Rebecca Gratz, 1781 - 1869
"How hard... it is to have the tastes, the habits, the longings and recollections, if not of affluence, at least of comfort, and yet to be poor."
Young women of Gratz's class and era filled their time with social activities and family duties. Gratz, however, like other members of her family, became involved in benevolent work. In 1801, she, along with her mother, sister and twenty-one other prominent women, founded Philadelphia's first nonsectarian women's charitable organization, The Female Association for the Relief of Women and Children in Reduced Circumstances. The Assocation sought to aid honest, industrious women who had fallen upon misfortune. It became a model for most of the women's organizations Gratz would later help to establish—women made all the decisions and accomplished all aspects of the organization's work, including the management of funds. Because of her proficiency as a writer, Gratz became the organization's secretary and served for twenty-two years. As secretary, she took minutes, handled correspondence, authored annual reports, and wrote all other public documents for the organization.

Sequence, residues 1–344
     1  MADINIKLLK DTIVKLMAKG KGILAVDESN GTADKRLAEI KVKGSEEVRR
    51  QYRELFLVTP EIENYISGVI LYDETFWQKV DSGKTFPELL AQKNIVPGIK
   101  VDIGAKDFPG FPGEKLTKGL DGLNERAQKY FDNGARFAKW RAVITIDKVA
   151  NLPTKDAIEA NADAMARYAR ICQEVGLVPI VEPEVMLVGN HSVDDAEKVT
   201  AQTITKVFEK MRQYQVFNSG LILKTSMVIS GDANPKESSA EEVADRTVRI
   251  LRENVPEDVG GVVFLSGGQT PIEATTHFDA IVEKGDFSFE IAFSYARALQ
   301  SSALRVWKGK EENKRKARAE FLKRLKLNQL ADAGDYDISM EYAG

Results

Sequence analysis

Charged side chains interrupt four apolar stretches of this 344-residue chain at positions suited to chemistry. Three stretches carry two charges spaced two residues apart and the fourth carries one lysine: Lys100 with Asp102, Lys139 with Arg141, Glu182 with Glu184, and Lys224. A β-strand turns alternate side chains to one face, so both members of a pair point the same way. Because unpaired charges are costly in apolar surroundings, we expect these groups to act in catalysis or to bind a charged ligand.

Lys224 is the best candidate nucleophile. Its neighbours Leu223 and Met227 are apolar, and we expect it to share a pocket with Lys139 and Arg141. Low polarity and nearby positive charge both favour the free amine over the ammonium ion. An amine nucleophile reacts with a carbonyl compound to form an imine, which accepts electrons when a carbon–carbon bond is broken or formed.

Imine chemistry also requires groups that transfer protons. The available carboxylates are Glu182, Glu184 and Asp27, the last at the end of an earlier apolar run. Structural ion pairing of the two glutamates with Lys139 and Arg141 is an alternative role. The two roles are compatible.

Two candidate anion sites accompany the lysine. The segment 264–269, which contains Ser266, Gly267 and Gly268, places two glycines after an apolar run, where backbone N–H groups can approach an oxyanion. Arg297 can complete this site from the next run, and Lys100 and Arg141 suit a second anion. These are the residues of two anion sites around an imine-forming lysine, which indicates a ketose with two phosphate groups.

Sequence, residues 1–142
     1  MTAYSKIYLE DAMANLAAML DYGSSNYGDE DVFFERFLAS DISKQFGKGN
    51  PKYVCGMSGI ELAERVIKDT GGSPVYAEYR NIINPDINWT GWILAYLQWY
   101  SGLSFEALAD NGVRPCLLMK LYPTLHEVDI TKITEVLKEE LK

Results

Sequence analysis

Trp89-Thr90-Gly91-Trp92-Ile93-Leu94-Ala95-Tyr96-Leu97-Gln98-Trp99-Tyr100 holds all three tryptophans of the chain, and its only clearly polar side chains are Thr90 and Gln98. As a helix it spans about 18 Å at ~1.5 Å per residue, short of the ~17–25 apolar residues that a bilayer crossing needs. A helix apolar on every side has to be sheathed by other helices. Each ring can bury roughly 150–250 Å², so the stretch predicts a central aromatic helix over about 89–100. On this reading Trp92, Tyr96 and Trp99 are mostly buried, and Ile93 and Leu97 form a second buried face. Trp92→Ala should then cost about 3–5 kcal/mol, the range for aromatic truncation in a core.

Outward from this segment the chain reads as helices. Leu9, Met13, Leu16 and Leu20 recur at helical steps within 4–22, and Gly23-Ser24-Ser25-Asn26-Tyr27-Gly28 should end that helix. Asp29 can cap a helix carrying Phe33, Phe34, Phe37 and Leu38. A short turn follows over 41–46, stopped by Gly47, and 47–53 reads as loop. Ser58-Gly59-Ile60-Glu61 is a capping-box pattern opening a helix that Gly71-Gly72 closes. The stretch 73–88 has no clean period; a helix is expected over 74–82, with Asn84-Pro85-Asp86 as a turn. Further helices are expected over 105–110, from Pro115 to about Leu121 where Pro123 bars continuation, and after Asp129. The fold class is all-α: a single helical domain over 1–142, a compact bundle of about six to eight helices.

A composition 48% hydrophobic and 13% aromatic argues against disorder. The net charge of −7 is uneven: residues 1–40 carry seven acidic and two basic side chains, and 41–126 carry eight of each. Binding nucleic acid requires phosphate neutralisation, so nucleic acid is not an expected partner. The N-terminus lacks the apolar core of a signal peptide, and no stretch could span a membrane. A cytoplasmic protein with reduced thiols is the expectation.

- "How hard..." Female Association for the Relief of Women and Children in Reduced Circumstance Constitution. Courtesy of The Library Company of Philadelphia, Philadelphia, PA.